The United States' top infectious disease expert, Dr. Anthony Fauci, has previously announced that health officials recommended a COVID-19 booster shot after eight months from the initial vaccination date.
This week, the medical expert said during an interview that government authorities will be flexible when it comes to administering booster shots depending on available data. Fauci said health officials will observe data and be in line with the Advisory Committee on Immunization Practices.
COVID-19 Vaccine Booster Shots
He said that while they are recommending the booster shots eight months after the initial vaccinations, that timeframe could change based on the data they observe. However, Fauci argued that there are many other ways that the United States can take to curb the spread of the coronavirus infection across the nation.
Fauci said about 80 million Americans who were now eligible to be vaccinated against the coronavirus who have not yet had their chance to get inoculated. He said the government's priority should be to vaccinate all residents who are able to receive the treatments. The medical expert said the vaccines are the highly effective tools that they can use to fight the virus, Politico reported.
Over the last month, data showed that the daily coronavirus case average in the country has increased by 153%. Health officials also reported that hospitalizations in the United States surpassed 100,000 for the first time since January and deaths related to the COVID-19 are surging.
On Friday, United States President Joe Biden announced his administration was discussing whether or not booster shots should be given as early as five months after vaccination. The Democrat's concept was shared during a meeting with the Israeli prime minister who recommended the idea.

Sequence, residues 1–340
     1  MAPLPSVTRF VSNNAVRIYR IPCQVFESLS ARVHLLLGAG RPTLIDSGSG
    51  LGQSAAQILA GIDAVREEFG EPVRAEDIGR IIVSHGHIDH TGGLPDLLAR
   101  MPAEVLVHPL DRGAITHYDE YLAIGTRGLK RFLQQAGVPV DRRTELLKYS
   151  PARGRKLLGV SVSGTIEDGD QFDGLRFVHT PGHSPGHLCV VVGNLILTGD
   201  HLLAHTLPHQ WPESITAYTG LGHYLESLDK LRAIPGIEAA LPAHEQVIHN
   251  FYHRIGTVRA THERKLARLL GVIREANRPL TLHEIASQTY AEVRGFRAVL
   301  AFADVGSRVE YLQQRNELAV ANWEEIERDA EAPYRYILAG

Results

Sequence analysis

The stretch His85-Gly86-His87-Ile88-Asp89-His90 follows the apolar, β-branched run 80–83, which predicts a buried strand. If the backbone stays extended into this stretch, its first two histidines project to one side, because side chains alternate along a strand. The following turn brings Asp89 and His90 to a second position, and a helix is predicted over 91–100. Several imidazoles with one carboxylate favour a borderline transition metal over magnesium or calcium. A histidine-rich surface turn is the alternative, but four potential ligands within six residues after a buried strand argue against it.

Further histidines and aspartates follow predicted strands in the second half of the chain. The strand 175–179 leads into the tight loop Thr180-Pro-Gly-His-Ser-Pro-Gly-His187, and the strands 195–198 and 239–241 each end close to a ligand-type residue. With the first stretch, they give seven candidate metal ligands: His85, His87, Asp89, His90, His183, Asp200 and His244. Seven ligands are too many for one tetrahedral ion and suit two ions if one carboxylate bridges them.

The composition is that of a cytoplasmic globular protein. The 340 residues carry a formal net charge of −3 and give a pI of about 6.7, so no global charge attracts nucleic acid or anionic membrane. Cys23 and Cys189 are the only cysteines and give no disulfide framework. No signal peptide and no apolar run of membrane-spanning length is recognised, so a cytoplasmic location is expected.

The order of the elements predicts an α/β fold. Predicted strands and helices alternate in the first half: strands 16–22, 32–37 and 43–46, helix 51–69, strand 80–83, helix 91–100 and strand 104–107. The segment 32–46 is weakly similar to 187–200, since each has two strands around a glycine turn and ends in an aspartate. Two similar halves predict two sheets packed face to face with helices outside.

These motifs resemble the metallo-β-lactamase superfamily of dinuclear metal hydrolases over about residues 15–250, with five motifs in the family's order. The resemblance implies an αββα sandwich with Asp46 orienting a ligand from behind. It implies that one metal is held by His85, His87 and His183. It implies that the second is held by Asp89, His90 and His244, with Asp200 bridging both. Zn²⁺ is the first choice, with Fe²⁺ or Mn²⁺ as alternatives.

From late 2020, the region has experienced its steepest surge of COVID-19 cases, recording the highest number of hospitalized patients in the last seven months. Since July 4, pediatric hospital admissions also shot up, seeing a rise of 514% for children under 18 suffering from the coronavirus, ABC News reported.
Possibility of Adding More Doses
On Sunday, Fauci said he also expected Pfizer and Moderna mRNA vaccines to have always needed a third dose while the Johnson & Johnson treatment needed a second dose. This is despite the fact that health officials previously said the original dose regiment of the treatments was the standard.
The medical expert said the vaccines were made in a rush to prevent the deaths of more people who were not protected against the virus. Fauci said that if given the standard deadline, pharmaceutical companies would have given Phase 2 studies various intervals of dosing to see which is more effective. He said it was entirely possible that the mRNA vaccines would have had a different dose regimen to what they are currently suggesting.
Fauci said that at the beginning of creating the coronavirus vaccines, medical experts were in a fight against time. They wanted to save lives as quickly as they could so as to not allow the pandemic to grow to uncontrollable proportions. He noted there was nothing wrong with starting with two doses but said there should be a consensus to consider adding more doses to the original plan, Business Insider reported.